If you have ever tried to build something as a kid, with a kid, or for a kid with the tiniest of Legos, you might have an idea of the challenge in creating at the small scale. Scientists at the University of Illinois Urbana Champaign face this type of challenge regularly in their study of how to create tiny motors inspired by DNA. The added challenge for them, though, is the level of tiny at which they work – the nanoscale. This is better understood by thinking about the thickness of one sheet of paper or the width of a single strand of human hair – both equal to about 100,000 nanometers.
To study at this scale, ACCESS resources like the Expanse supercomputer at the San Diego Supercomputer Center at UC San Diego come in handy for researchers such as those led by Aleksei Aksimentiev, professor of biological physics at the University of Illinois Urbana Champaign and principal investigator for a recent study with findings titled DNA double helix, a tiny electromotor, published in Nature Nanotechnology.
A supercomputer such as Expanse enables researchers to peer deeper into elements of what they are studying by creating simulations that use a mathematical description, or model, of a real system embodied in a computer program. Aksimentiev explained that the first step in creating the Expanse simulations was to place DNA molecules in water, apply electric field flow and then observe the rotation or measure the torque generated.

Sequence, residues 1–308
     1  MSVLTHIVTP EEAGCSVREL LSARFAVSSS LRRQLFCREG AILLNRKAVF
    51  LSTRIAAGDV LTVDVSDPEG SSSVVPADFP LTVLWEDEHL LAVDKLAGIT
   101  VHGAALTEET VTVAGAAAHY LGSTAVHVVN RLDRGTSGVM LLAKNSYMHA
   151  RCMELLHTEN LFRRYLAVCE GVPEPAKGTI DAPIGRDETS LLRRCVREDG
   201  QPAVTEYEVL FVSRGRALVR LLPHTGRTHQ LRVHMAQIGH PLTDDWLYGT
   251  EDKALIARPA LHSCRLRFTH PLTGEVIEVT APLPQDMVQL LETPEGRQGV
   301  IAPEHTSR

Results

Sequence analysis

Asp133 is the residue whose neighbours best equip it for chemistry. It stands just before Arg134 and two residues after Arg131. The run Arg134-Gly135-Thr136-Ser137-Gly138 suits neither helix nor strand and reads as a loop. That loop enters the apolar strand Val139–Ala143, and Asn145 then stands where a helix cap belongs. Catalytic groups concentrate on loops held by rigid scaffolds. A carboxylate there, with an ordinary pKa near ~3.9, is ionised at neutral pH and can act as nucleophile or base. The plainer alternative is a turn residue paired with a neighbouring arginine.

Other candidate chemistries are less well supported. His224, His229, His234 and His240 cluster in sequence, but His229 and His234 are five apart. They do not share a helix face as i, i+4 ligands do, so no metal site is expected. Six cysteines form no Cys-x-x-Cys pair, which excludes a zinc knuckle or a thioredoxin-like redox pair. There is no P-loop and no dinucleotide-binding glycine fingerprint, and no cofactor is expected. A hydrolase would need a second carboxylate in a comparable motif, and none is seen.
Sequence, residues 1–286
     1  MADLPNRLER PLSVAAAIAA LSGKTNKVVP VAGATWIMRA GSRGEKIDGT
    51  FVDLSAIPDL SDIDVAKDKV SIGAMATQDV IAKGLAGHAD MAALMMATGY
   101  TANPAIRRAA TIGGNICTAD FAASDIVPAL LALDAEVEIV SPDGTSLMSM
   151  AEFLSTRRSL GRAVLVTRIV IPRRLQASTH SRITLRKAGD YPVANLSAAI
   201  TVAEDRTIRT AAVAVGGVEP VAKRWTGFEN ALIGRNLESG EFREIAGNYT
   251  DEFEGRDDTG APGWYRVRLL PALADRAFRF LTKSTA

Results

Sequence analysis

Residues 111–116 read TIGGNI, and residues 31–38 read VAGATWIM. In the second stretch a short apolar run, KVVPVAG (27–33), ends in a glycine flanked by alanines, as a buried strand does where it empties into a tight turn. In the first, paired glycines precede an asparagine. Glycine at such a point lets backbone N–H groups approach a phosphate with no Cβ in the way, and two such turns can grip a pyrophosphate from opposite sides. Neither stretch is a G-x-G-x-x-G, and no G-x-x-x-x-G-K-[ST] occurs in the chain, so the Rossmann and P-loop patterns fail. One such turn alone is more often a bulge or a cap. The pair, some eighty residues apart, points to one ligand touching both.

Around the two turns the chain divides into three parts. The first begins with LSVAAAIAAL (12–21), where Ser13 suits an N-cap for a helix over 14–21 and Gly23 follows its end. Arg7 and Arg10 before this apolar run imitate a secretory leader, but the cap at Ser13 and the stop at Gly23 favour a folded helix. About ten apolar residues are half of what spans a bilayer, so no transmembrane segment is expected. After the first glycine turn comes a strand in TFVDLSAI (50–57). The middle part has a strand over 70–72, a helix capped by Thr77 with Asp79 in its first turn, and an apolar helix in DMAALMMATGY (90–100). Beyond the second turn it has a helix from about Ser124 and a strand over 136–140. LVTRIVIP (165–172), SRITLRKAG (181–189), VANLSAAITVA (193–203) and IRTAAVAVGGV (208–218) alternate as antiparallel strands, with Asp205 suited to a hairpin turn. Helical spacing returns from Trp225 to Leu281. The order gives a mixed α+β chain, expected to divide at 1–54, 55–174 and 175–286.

Supercomputers like SDSC’s Expanse are essential to the development of nanotechnology as they provide a window into the nanoscale world that is otherwise not accessible to experiments.Aleksei Aksimentiev, professor of biological physics and principal investigator for the study
For this study, a typical simulation took a little longer than a week to complete, which allowed the researchers to carefully create their simulations and measure the torque, enabling them to see the rotation. Once they carefully analyzed the results, they submitted their work to be published in the journal so that the broader research community had access to their findings.
“People have thought about this for a while and gone back and forth—could it work or not,” Aksimentiev said. “We thought that maybe the water doesn’t have enough traction to produce torque, but it did, and we were excited to see the DNA spin in the direction prescribed by its helicity despite significant fluctuations.”
Aksimentiev said that he and the Illinois team plan to use lessons learned from this study to build systems at a nanoscale level that will be used as components in self-propelled systems or for nanoscale energy conversion.
You can read more about this story here (published April 28, 2023): Expanse Supercomputer Used for Tiny Torque Simulations of DNA Molecules
Institution: SDSC (San Diego Supercomputer Center)
University: University of Illinois at Urbana Champaign
Funding Agency: NSF
Allocation Number: MCA05S028
The science story featured here, allocated through August 31, 2022, was enabled through Extreme Science and Engineering Discovery Environment (XSEDE) and supported by National Science Foundation grant number #1548562. Projects allocated September 1, 2022 and beyond are enabled by the ACCESS program, which is supported by National Science Foundation grants #2138259, #2138286, #2138307, #2137603, and #2138296.